I made friends in high school with Baptists, and discovered that they had the same fervor in their faith that we had been taught to have at ours, except we baptized babies, they dedicated theirs, baptized their adults, while we confirmed ours. My youth group sang concerts in many of those Baptist churches that my friends attended. As I got older I started to realize that while many adherents to Christian groups had different beliefs and customs, they actually had very equivalent rituals, that in fact, pretty much mean the same thing. But they couldn’t see it. When you baptize a baby, you promise to bring her or him up in the faith. When a baby is dedicated instead of baptized, the same promise is made. Adults that are confirmed, confirm that they believe. Adults being baptized do the same thing. I’m not arguing the theology behind the different customs. I can put you to sleep explaining them to you, and why each group ‘knows’ the other is wrong. But, honestly, as I said, it boils down to the same basic idea, culturally speaking. I met many, many people during the time that my husband was in the Army that had very different beliefs from me, yet a very deep faith and relationship with God as they understood God. They had lots of wisdom, and lots of love. Who was I to tell someone this positively affected and in love with their faith that they were wrong, when you could see the evidence in their lives for the positive?
In the Chapel we attended in Germany, while my husband Steve was with the Army, I found what is still my model for people of,different faiths and customs. We usually had three chaplains of different Protestant denominations, and a Catholic priest assigned to the Chapel. What I have never seen since was the amazing cooperation between the chaplains, and how those they served became caught up with this idea of cooperation. If someone had a religious need, and no-one there could do it, Heaven and Earth was moved to fulfill that person’s need. This is still the job of chaplains today. Whether they agree with your faith or not, it is their job to care for you and help you find what you need, should you have one they can not fulfill. Sadly, some chaplains ignore this.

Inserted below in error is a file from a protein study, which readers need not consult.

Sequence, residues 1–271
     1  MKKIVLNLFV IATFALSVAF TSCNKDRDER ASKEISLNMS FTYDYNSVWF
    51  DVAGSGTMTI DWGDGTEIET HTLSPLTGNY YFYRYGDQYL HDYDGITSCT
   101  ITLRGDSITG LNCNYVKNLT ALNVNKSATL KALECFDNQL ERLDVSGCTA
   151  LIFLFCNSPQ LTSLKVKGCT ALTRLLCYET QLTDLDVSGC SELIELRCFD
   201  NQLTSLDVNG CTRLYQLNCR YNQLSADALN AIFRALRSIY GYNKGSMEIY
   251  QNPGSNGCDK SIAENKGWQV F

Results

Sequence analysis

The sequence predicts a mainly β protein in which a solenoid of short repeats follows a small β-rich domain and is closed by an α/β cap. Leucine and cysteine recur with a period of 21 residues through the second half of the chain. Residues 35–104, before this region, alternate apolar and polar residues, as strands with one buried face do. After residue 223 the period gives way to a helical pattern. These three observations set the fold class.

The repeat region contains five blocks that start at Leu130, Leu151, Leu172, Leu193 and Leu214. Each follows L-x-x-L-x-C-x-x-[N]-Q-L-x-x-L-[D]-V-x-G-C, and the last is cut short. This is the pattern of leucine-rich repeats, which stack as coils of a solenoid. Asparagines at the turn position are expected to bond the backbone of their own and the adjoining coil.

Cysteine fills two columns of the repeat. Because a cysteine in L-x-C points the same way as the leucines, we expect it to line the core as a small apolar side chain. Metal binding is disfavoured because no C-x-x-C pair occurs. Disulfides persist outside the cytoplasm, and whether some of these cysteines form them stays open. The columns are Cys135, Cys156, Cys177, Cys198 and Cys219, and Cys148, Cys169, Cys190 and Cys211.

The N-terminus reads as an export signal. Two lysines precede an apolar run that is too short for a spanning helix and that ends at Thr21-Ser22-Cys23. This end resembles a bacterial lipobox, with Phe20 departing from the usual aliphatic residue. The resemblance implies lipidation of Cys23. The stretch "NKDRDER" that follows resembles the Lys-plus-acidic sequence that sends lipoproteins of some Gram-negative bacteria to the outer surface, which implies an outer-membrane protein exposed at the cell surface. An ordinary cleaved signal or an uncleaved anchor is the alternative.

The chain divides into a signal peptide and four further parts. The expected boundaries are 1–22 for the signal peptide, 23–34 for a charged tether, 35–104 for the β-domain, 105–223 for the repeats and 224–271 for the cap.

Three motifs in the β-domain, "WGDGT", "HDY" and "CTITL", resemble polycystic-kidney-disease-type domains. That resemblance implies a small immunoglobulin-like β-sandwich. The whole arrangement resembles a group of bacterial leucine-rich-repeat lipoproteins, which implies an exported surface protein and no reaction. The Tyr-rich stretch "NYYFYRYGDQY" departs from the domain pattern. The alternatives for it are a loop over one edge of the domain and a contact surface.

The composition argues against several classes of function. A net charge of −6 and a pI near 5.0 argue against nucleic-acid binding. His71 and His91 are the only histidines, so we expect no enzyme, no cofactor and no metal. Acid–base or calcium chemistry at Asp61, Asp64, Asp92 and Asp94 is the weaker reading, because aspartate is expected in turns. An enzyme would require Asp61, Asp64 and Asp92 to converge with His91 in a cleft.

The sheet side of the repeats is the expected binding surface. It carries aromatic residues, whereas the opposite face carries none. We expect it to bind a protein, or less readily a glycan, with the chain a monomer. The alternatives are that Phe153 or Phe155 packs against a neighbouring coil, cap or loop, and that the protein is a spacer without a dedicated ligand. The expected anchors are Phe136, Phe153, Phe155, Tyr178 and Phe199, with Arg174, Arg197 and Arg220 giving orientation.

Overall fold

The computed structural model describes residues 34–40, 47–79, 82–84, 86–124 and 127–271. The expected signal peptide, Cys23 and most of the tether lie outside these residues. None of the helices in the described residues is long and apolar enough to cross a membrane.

Communion Sundays in the Protestant chapel both amused me, and earned my respect. It was a three ring circus. We had pews reserved for people who could only receive communion kneeling, and a chaplain standing at the front for those who could only take it standing from an ordained minister. Lastly for those of us who were Presbyterians, unable apparently to move….they passed communion down the rows of the pews, the wine segment with both wine and grape juice. ( I was thrilled; I HATE grape juice)
When someone in the Catholic congregation needed someone fluent in sign language to teach a Catholic child his faith. I volunteered. The priest gratefully passed my offer along, but in the meantime, the child’s mother decided to do it herself.
It was hard to leave that place. We became friends with the chaplains and met frequently with them and their wives for dinner. Our favorite chaplain was one who came from such a different background religiously that we were on different pages in that respect. True friendship surpasses these things as inconsequential. We had lots of fun. Our sense of humor meshed with his and that of his wife. Or, true friendship SHOULD, surpass religious differences and customs in my opinion. But he helped us when we needed him, helping Steve to make the decision to become a chaplain himself, and gave him sound advice.
Since then, we have attended many churches….some I’ve adored, some I haven’t, some with good, sensible doctrine, some questionable.